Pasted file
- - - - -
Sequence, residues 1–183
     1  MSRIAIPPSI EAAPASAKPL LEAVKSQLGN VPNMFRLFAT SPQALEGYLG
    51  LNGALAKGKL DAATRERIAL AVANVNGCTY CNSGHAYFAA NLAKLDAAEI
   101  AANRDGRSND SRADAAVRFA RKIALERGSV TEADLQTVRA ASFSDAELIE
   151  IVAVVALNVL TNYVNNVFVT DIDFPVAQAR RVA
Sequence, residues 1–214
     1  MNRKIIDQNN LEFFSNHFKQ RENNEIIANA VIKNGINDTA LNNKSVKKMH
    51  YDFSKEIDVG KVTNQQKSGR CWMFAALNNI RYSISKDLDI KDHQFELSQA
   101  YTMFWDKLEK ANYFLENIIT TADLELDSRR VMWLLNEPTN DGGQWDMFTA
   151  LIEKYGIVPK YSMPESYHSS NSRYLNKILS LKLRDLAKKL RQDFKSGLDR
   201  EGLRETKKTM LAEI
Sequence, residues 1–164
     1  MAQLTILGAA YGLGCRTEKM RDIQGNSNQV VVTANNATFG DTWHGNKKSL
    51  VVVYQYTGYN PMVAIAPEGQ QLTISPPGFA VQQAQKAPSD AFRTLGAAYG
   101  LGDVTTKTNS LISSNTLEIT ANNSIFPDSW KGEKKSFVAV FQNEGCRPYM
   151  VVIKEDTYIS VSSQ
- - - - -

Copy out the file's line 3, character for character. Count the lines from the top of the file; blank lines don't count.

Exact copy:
    51  LNGALAKGKL DAATRERIAL AVANVNGCTY CNSGHAYFAA NLAKLDAAEI